during one of many conversations, and outline with an eloquence of the heart, depth of conviction, and earnestness approaching tears, his alarm over—what? The irresistible domination of soulless capital? Not at all. The deadly menace of the socialist propaganda to the cause of religion, as he saw it operating in his own craft.
The undercurrent of instincts and aspirations of which these are but chance illustrations, needing not to be multiplied because so common, runs deep and strong through the lives of us all, whatever our status in the industrial scale ; and it suggests this further fact: The things that divide us are seen, but are temporal ; the things that unite us may often be unseen, but are eternal.
One interesting illustration with which I happen to be somewhat familiar, of the personal factor in practical operation, is the labor policy of the Boston and Maine Railroad. It presents no sensational or artificial features, and rarely comes into public notice—a fact which of itself is more convincing to the seeker after employment methods of solid and universal value than the spectacular advertising sometimes given to a certain type of paternalistic “social betterment” experiments, successful perhaps under peculiar conditions, but of limited significance with reference to the industrial problem as a whole.
The secret of the long-standing good relations with labor on the railroad referred to is the influence, conscious or unconscious, or personality, beginning at the top, and working itself out in policies which distinctly reckon with the personal factor all along the line. Lucius Tuttle is of the type of industrial manager, happily becoming more numerous, whose characteristic attitude is that of frank and cordial recognition of the contribution made by the employes to the prosperity of the enterprise. Asking and expecting the confidence of the rank-and file, the established policy is to show confidence in return, whether in the routine of management or in the discussion of working conditions with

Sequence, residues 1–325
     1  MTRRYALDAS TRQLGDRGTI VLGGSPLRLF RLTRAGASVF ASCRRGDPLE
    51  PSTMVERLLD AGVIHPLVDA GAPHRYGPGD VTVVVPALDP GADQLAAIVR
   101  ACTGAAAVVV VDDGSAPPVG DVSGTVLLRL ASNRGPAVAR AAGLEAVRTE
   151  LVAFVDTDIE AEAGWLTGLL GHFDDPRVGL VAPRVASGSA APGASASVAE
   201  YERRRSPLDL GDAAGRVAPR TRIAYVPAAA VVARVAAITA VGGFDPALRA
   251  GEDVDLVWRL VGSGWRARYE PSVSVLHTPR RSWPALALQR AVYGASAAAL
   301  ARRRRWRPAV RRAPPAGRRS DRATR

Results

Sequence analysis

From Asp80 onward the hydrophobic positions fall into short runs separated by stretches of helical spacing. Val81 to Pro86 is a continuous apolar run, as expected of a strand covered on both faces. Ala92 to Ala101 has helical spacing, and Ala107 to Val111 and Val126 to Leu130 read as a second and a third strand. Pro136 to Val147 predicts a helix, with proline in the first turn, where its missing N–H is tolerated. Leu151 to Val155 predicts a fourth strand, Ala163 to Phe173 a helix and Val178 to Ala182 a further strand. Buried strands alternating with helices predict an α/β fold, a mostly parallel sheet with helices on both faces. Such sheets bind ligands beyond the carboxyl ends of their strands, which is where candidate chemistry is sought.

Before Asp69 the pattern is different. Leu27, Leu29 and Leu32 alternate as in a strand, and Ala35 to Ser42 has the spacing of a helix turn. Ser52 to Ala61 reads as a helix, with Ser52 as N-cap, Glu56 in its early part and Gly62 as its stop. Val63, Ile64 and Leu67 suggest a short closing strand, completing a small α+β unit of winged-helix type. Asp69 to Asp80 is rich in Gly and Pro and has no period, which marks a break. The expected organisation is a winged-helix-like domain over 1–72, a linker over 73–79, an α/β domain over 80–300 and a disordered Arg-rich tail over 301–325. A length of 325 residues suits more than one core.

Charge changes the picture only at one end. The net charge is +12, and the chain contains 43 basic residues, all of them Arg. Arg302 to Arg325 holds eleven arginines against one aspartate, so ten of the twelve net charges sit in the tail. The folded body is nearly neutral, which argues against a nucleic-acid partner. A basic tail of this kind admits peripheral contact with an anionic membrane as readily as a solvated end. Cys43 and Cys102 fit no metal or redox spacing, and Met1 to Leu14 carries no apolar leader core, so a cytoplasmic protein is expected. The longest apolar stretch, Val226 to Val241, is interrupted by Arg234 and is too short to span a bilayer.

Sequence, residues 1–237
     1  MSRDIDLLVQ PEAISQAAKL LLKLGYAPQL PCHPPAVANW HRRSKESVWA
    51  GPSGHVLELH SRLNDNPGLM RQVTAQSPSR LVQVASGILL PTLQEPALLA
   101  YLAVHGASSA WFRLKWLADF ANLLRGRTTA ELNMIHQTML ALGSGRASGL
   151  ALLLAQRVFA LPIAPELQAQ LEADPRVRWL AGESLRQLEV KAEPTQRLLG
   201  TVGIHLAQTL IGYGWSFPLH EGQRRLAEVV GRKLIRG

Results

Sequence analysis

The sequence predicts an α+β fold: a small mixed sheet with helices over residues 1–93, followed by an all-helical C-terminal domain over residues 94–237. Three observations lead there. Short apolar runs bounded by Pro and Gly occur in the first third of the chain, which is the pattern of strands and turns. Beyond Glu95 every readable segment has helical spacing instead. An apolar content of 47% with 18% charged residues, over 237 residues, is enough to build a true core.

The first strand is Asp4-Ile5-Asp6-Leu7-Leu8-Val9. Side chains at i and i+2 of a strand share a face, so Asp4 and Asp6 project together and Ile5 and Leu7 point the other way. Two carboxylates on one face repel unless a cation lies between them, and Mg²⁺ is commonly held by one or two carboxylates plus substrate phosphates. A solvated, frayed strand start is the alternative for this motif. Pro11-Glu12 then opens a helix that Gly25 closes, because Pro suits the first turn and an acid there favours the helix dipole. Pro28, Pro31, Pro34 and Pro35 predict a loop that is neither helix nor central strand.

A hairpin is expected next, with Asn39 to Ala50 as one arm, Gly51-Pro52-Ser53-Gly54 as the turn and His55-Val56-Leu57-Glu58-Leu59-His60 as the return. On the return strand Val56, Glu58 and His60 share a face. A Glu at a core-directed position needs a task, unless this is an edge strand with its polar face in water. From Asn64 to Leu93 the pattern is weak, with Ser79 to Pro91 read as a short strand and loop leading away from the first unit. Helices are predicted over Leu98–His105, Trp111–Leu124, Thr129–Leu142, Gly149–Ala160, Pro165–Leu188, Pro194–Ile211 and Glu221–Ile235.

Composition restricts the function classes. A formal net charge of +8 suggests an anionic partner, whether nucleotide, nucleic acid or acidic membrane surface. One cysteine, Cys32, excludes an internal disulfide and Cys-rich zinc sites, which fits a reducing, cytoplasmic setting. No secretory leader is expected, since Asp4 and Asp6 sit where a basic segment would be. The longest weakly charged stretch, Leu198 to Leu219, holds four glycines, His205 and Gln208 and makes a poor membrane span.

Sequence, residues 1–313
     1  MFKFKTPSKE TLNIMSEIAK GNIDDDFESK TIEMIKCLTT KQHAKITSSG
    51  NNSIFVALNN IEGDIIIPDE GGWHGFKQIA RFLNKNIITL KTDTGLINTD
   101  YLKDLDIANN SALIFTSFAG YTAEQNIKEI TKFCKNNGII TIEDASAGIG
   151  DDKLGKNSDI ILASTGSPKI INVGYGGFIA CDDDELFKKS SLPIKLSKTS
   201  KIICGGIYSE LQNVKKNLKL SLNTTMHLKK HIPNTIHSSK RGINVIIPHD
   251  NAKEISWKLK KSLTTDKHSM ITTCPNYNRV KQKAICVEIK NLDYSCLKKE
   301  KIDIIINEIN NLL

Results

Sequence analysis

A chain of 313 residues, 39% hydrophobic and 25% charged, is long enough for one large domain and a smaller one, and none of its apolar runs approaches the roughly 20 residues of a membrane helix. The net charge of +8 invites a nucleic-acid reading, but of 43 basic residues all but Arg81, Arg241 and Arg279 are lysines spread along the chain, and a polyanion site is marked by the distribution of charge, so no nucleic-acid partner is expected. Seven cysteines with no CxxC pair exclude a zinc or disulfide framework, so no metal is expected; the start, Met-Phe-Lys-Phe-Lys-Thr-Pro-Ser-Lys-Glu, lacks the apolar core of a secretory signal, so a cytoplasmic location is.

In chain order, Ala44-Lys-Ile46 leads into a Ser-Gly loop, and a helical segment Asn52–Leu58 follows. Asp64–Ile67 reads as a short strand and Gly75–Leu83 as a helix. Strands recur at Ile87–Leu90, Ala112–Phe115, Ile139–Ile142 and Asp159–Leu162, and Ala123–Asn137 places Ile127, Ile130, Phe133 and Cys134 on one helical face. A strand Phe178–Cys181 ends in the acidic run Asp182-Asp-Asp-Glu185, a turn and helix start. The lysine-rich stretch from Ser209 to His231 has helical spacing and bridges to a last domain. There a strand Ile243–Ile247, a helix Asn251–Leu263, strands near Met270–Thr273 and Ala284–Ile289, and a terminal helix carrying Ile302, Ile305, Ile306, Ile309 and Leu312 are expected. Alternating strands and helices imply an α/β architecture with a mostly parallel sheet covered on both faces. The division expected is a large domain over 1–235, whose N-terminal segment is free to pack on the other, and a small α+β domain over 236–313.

committees representing the men. Results justify the belief that, whether employers or wage-earners, men wish to be trusted, and in the great majority of cases will respond loyally under a relationship based on that principle.
The responsibility of superintendents and foremen for good relations with the employes is emphasized and reinforced by a well-understood right of appeal, under reasonable specified conditions. Injured employes, on numerous occasions, have been granted ample leaves of absence, with pay, and given suitable employment when able to work again, instead of being ignored until legal steps were taken, compelling some kind of settlement.
The feeling is very general among the twenty-five thousand employes that every man has a “friend at the top.” And the moral effect of this feeling is not confined to the railroad world. It is a common remark among leading labor men in many other trades, “If all employers were like that, there would be mighty little trouble.”